Liverpool Exchange (UK Parliament constituency)
|Former Borough constituency|
for the House of Commons
|Number of members||One|
|Replaced by||Liverpool Scotland Exchange|
Liverpool Exchange was a borough constituency within the city of Liverpool in England, centred on Liverpool Exchange railway station. It returned one Member of Parliament (MP) to the House of Commons of the Parliament of the United Kingdom, elected by the first past the post system.
The constituency was created under the Redistribution of Seats Act 1885 for the 1885 general election. It was abolished for the February 1974 election, when it was merged with Liverpool Scotland to form Liverpool Scotland Exchange.
- 1 Boundaries
- 2 Members of Parliament
- 3 Election results
- 4 References
- 5 See also
The constituency covered the centre of the city of Liverpool, bordering on the River Mersey. It included the commercial area of the city, as well as poorer housing. It originally consisted of the wards of Vauxhall, St Ann Street, Lime Street, Exchange, and St Paul's.
The Exchange Ward, with a significant Conservative business vote, was combined with the St Anne's and Vauxhall wards (which were more Liberal and contained a substantial Irish vote).
The Scotland division, to the north of this seat, was more heavily Irish and returned an Irish Nationalist MP. Exchange was a Liberal/Conservative and Allies marginal constituency and its elections were influenced by what guidance the electors were given by Nationalist leaders.
In this period the seat was defined as comprising the Abercromby, Castle Street, Exchange, Great George, St Anne's, St Peter's, and Vauxhall wards.
In this era the area was represented by Conservative Members of Parliament, until the Labour Party captured the seat in 1945.
Brunswick, and Granby wards were added to those previously in the seat.
The constituency comprised Abercromby, Central, Granby, Low Hill, and St James wards.
In the redistribution which took effect in 1974, this seat disappeared. However the successor constituency was named Liverpool Scotland Exchange, combining as it did the central and northern riverside parts of the city.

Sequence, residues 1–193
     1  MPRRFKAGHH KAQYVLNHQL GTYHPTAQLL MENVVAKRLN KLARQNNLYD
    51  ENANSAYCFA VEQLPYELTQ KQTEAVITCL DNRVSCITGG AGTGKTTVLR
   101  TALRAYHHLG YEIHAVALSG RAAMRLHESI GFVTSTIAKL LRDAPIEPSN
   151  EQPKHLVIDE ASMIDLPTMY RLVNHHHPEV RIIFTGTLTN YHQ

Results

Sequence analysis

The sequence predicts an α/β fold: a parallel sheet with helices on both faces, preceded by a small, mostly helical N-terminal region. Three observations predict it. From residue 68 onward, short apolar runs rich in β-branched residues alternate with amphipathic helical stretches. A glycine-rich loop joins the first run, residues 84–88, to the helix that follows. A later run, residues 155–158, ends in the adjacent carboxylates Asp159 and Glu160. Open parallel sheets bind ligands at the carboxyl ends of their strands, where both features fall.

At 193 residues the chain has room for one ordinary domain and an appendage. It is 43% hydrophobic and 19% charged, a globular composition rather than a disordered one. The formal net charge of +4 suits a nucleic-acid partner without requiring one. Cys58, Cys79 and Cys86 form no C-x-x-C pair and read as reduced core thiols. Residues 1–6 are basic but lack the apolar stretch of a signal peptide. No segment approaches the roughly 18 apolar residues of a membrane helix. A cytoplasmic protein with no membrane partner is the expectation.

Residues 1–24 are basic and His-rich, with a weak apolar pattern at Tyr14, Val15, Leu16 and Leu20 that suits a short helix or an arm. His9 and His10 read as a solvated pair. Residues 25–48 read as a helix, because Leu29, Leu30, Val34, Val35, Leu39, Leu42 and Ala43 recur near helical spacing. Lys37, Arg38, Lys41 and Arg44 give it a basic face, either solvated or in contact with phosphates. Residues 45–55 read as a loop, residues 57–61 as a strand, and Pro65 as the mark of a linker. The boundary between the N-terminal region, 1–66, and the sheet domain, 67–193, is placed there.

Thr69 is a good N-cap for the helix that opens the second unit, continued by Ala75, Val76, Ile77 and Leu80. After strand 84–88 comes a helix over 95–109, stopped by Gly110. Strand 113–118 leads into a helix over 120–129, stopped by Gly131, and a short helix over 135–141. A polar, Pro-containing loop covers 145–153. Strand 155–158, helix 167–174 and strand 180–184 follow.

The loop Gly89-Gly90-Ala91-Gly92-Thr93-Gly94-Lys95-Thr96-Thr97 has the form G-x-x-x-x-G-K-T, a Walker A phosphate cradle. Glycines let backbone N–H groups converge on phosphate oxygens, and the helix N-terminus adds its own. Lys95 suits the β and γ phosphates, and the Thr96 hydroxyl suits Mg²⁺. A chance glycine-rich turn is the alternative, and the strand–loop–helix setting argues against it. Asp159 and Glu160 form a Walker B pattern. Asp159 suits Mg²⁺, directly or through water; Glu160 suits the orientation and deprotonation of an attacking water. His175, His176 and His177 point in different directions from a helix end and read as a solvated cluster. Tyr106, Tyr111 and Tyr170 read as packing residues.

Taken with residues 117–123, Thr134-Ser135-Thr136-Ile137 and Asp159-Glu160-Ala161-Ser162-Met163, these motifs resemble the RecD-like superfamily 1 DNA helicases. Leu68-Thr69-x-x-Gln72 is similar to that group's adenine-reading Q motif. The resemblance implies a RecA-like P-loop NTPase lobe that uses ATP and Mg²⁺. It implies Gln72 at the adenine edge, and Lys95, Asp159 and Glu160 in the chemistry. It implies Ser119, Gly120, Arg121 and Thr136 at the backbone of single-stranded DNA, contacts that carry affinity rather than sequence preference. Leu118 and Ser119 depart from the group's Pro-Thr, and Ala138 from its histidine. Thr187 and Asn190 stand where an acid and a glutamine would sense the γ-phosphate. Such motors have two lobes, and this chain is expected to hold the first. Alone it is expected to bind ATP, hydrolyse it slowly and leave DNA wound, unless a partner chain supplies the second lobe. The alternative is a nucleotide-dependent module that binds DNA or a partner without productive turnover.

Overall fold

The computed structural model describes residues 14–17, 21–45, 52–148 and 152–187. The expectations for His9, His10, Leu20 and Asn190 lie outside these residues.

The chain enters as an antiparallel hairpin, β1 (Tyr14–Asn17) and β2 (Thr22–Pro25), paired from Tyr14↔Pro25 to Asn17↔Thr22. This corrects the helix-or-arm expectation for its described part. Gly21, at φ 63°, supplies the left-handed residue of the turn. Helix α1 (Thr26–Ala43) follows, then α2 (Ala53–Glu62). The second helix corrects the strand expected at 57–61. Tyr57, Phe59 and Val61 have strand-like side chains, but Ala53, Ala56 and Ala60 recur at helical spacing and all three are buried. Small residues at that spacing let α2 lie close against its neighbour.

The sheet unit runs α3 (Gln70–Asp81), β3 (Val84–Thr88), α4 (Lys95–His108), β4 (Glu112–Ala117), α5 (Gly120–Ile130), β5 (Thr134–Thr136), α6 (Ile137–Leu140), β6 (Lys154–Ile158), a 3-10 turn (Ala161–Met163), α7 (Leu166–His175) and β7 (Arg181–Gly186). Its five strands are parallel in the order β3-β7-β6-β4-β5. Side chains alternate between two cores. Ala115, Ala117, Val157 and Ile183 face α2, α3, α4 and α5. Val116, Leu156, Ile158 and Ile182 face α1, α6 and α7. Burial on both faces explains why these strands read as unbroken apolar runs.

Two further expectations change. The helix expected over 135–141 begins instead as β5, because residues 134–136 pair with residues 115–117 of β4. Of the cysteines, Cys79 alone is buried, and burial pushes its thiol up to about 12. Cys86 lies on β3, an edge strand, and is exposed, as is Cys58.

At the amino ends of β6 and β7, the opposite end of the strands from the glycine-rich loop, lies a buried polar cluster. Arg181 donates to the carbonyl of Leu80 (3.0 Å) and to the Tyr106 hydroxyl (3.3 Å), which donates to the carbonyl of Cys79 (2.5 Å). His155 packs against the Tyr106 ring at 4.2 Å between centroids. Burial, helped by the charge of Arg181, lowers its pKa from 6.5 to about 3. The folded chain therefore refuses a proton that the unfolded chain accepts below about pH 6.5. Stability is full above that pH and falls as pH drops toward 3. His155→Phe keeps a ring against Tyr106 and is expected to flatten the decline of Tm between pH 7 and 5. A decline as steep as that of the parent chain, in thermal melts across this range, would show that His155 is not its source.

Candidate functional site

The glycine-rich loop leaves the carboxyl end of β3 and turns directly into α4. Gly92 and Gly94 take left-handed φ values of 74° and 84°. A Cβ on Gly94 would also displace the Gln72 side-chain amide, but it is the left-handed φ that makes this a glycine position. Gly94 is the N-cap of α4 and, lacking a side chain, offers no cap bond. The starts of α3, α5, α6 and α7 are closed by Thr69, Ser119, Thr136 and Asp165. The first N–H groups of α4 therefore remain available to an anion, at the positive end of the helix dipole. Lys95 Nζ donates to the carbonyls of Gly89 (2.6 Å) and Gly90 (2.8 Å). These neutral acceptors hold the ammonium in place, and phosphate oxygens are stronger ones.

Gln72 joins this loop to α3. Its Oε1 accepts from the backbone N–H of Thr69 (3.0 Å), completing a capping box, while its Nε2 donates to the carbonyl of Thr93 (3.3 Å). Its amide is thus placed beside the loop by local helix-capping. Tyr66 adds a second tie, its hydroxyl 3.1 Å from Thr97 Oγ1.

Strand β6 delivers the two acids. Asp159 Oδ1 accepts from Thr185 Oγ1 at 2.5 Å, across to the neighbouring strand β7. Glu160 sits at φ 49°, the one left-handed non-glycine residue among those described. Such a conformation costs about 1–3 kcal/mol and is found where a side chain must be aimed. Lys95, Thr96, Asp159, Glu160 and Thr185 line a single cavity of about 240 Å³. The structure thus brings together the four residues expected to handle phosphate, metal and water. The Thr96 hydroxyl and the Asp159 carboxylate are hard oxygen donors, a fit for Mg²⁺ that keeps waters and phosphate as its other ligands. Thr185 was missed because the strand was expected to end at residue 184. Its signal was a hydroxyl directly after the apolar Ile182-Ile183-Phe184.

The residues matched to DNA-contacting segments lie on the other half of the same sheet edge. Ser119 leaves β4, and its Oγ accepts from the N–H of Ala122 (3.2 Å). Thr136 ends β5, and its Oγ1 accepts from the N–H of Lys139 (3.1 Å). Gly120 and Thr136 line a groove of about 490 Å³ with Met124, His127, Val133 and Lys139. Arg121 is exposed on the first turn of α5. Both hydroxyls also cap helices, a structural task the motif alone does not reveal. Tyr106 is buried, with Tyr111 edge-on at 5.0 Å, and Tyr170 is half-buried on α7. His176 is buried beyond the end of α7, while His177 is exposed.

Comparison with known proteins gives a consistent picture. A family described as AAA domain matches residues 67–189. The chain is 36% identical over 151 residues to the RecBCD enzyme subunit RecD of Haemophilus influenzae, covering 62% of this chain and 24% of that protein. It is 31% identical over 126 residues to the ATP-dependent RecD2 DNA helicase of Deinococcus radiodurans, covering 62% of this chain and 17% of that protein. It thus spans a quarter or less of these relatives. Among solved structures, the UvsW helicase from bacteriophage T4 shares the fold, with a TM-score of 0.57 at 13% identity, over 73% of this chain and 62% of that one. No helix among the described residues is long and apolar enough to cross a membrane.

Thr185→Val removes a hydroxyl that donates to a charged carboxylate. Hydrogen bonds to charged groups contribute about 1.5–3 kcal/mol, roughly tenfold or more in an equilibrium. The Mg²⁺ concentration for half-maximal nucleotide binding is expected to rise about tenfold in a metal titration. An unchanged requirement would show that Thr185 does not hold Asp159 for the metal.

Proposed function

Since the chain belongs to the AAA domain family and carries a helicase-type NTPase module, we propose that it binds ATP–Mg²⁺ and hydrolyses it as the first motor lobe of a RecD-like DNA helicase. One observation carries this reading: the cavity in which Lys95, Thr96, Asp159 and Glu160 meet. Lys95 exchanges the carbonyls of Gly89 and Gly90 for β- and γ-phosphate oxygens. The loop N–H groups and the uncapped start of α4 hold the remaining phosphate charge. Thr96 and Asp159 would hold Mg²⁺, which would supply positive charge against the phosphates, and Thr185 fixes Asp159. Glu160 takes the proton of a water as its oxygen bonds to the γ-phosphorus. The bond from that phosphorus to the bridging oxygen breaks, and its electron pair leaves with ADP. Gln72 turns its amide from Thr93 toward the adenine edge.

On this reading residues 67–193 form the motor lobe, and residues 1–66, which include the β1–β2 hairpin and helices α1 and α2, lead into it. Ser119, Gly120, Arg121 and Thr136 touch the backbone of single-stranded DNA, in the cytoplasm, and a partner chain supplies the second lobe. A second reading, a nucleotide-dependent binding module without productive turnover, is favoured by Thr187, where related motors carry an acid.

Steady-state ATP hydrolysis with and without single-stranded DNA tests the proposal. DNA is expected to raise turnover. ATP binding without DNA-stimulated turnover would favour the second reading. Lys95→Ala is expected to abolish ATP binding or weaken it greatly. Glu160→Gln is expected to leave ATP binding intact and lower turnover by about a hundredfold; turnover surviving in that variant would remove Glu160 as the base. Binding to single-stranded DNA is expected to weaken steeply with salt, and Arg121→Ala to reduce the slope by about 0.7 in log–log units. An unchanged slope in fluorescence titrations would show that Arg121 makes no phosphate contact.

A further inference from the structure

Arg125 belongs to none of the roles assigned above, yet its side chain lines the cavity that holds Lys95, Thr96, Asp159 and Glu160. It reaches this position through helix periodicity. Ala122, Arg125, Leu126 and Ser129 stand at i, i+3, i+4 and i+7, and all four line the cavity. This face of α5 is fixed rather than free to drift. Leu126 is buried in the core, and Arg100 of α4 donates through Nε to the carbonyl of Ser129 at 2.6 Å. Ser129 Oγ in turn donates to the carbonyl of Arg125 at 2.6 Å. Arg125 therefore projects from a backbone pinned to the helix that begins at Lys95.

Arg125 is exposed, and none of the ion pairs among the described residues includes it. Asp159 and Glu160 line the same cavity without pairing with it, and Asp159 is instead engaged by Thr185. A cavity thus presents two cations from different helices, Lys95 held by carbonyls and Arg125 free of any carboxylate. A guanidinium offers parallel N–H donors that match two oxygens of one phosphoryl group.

Members of Parliament
Elections in the 1880s
|Conservative||Laurence Richardson Baily||2,964||50.2||N/A|
|Independent Liberal||Thomas English Stephens||36||0.6||N/A|
|Conservative win (new seat)|
- O'Shea had originally announced his intention to stand as an Irish Nationalist candidate. When he later secured the support of the Liberal Party, Stephens retired in favour of him.
|Conservative||Laurence Richardson Baily||2,750||48.5||−1.7|
|Liberal gain from Conservative||Swing||+2.0|
Duncan's death caused a by-election.
|Liberal Unionist||George Goschen||3,210||49.9||+1.4|
Elections in the 1890s
|Liberal Unionist||John Bigham||2,655||49.4||+0.9|
|Liberal Unionist||John Bigham||2,884||52.3||+2.9|
|Liberal Unionist gain from Liberal||Swing||+2.9|
Bigham is appointed a judge on the Queen's Bench division of the High Court of Justice, and resigned.
|Liberal Unionist||Charles McArthur||2,711||50.5||−1.8|
|Liberal Unionist hold||Swing||−1.8|
Elections in the 1900s
|Liberal Unionist||Charles McArthur||2,811||65.0||+12.7|
|Liberal Unionist hold||Swing||+12.7|
|Liberal Unionist||Charles McArthur||2,170||48.6||−16.4|
|Liberal gain from Liberal Unionist||Swing||+16.4|
Elections in the 1910s
|Conservative gain from Liberal||Swing||+3.3|
General Election 1914/15:
Another General Election was required to take place before the end of 1915. The political parties had been making preparations for an election to take place and by the July 1914, the following candidates had been selected;
- Unionist: Leslie Scott
|Irish Nationalist||Austin Harford||8,225||44.4||n/a|
|C indicates candidate endorsed by the coalition government.|
Elections in the 1920s
|Irish Nationalist||Joseph Devlin||12,614||44.6||n/a|
|Irish Nationalist||William Grogan||10,322||49.5||+4.9|
|Labour||William Albert Robinson||16,970||49.7||n/a|
Elections in the 1930s
General Election 1939/40
Another General Election was required to take place before the end of 1940. The political parties had been making preparations for an election to take place and by the Autumn of 1939, the following candidates had been selected;
- Conservative: John Shute
Elections in the 1940s
|Labour gain from Conservative||Swing||+9.2|
Elections in the 1950s
|Independent Labour||A.G. Cleather||381||1.1||n/a|
|Conservative||John O. Tiernan||13,052||39.6||−2.0|
|Conservative||Anne Elizabeth Papworth||12,271||35.4||−4.2|
|Independent Labour||Lawrence Murphy||2,928||8.4||N/A|
Elections in the 1960s
|Conservative||Barry Vincent Groombridge||5,372||26.3||−3.6|
Elections in the 1970s
|Conservative||Anthony G. Phillips||4,638||25.2||−1.1|
- Leigh Rayment's Historical List of MPs – Constituencies beginning with "E" (part 2)
- Craig, F. W. S. (1983) . British parliamentary election results 1885–1918 (2nd ed.). Chichester: Parliamentary Research Services. p. 141. ISBN 0-900178-27-2.
- Craig, F. W. S. (1983) . British parliamentary election results 1918–1949 (3rd ed.). Chichester: Parliamentary Research Services. p. 176. ISBN 0-900178-06-X.
- British Parliamentary Election Results 1885–1918, FWS Craig
- The Liberal Year Book, 1907
- Debrett's House of Commons & Judicial Bench, 1886
- The Constitutional Year Book, 1904, published by Conservative Central Office, page 170 (194 in web page)
- Debrett's House of Commons & Judicial Bench, 1901
- Debrett's House of Commons & Judicial Bench, 1916
- British Parliamentary Election Results 1918–1949, FWS Craig
- British Parliamentary Election Results 195–1973, FWS Craig
- The Times House of Commons, 1950–70